European Finance Ministers Meet Today To Confirm Euro Collapse
European finance ministers will meet today to finalise the terms for Greek debt restructuring.
Article | January 23, 2012 – 10:14am
Resolving the issue of the Greek debt swap is considered key to keeping the Euro going for another few weeks. Under the terms of the deal, private investors will swap their current, unrepayable, Greek government bonds for some equally unrepayable bonds of lesser value. Private investors are expected to take a so-called “haircut” of between sixty and seventy percent.
However, these private investors, including hedge funds, are unwilling to take the haircut unless they can claw back some of it through the interest paid on the new bonds. It is this size of this interest rate that is the main sticking point. The new bonds are expected to be over 30 years, with an ever increasing interest rate, and it is the percentage that this will average out to which is the sticking point in the negotiations.
Private investors have said that their current proposals are their final offer, and European finance ministers will announce later today whether or not they can proceed on the basis of that offer.
They are also expected to announce the continued hyperinflationary pumping of funny money by the European Central banks, and to make the rather ridiculous statement that Greece is a unique situation, despite Portugal catching up rapidly.
Greek Judge Writes Off €82,000 Personal Debt To Banks
In a landmark ruling in Hania, Crete, a Greek judge has wiped out the debt owed to banks by a full time employed civil servant.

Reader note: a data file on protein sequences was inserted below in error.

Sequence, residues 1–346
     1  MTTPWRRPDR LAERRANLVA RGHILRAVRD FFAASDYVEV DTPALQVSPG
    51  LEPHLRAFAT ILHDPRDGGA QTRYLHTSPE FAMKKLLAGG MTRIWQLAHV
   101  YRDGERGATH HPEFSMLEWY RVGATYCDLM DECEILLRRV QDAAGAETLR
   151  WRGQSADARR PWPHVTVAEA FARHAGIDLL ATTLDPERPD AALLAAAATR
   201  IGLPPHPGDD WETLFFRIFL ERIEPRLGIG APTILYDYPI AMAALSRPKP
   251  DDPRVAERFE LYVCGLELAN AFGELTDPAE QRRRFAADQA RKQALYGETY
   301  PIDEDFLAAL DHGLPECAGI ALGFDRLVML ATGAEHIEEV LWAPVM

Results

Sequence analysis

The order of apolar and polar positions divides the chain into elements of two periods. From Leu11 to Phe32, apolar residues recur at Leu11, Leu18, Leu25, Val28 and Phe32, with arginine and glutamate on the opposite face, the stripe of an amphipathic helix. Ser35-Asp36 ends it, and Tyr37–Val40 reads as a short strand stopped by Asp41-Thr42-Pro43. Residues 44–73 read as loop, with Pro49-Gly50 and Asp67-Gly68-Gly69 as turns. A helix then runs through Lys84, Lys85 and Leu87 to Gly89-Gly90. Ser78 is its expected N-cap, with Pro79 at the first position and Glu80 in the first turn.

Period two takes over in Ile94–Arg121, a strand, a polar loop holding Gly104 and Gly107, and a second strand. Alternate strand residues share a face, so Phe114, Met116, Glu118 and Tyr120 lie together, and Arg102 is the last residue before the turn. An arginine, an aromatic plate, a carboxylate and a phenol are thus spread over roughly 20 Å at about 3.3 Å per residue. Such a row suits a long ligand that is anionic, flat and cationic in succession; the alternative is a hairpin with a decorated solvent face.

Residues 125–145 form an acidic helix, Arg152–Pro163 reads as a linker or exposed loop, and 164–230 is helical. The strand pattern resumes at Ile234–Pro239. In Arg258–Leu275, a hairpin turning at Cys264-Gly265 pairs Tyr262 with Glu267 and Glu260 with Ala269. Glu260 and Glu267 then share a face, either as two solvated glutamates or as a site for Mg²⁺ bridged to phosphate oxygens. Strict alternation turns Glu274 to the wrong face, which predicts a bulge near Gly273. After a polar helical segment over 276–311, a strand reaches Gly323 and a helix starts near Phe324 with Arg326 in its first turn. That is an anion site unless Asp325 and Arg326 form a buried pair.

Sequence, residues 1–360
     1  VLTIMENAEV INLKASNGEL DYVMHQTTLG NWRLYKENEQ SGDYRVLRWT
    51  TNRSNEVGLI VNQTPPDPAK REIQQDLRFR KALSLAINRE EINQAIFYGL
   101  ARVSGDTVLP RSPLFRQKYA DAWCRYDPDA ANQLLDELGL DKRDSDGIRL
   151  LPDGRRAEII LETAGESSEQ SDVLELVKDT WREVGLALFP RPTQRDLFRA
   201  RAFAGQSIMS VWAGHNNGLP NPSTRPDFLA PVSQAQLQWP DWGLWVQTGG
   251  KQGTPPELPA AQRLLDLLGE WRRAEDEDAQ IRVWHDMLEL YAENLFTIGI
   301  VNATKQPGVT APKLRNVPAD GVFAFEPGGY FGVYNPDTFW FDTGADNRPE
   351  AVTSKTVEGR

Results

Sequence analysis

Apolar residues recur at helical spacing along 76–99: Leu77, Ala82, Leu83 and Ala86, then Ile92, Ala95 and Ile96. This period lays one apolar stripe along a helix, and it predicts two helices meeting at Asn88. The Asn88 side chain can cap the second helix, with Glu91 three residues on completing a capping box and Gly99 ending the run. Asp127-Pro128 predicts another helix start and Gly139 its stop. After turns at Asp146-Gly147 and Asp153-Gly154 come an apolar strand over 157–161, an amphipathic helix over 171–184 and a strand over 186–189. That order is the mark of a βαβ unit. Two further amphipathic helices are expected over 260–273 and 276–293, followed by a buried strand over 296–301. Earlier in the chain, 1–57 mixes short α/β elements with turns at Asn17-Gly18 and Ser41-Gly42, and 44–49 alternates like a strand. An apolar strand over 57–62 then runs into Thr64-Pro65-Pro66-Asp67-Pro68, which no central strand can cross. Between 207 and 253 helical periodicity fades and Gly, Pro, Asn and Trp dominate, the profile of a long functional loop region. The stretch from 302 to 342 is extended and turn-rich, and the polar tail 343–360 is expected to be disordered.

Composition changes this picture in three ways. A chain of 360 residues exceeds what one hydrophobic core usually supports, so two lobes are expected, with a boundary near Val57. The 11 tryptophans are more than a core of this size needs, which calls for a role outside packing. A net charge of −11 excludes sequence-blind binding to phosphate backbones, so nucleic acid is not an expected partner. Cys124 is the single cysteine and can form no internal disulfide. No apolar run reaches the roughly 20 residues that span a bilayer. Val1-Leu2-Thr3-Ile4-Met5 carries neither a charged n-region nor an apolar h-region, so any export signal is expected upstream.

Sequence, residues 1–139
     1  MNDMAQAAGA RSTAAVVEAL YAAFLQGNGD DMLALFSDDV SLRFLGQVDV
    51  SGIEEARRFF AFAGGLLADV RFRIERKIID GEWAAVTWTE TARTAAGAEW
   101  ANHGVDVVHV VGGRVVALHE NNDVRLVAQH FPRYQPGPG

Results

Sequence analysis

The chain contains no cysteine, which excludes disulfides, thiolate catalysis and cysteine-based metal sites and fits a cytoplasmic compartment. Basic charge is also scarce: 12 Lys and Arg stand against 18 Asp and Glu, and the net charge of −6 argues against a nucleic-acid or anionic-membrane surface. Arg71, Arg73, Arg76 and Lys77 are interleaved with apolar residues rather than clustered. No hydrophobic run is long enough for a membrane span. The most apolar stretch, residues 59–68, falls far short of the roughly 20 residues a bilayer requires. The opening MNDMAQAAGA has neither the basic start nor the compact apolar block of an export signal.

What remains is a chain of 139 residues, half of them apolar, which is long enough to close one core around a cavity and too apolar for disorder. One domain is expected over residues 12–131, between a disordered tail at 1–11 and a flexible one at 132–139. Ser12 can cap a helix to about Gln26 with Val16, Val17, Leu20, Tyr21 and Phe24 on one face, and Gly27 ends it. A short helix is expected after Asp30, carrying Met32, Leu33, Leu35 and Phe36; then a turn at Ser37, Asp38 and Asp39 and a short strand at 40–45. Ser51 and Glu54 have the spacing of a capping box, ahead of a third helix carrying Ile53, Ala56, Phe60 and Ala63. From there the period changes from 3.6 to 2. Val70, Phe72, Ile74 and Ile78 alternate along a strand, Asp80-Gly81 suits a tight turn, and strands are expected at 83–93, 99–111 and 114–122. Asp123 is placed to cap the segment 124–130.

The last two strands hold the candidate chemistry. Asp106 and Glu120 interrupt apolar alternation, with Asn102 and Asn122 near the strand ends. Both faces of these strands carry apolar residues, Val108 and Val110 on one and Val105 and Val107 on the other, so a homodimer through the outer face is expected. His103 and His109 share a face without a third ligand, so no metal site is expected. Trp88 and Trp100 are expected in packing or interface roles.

Article | January 31, 2012 – 1:06pm
According to Greece’s Kathimerini newspaper, the judge at the Justice of the Peace court based his decision on a 2010 law that permits protection for people struggling to meet their financial commitments. To date, this law has only been used to provide relief to the unemployed.
The lady concerned is a full time civil servant with three children to support. She and her family have moved back with her parents. The court decided that she needs €350 per month to live on and that the remainder of her salary should be distributed between the four banks she owes money to.
However, the judge limited these repayments to a four year term, meaning only €30,000 of the €112,000 outstanding will be repaid. The rest will be written off.
This ruling is likely to see thousands of people applying to the courts for similar protection, leaving the banks in Greece acutely aware of the irony in calling a debt an “asset”.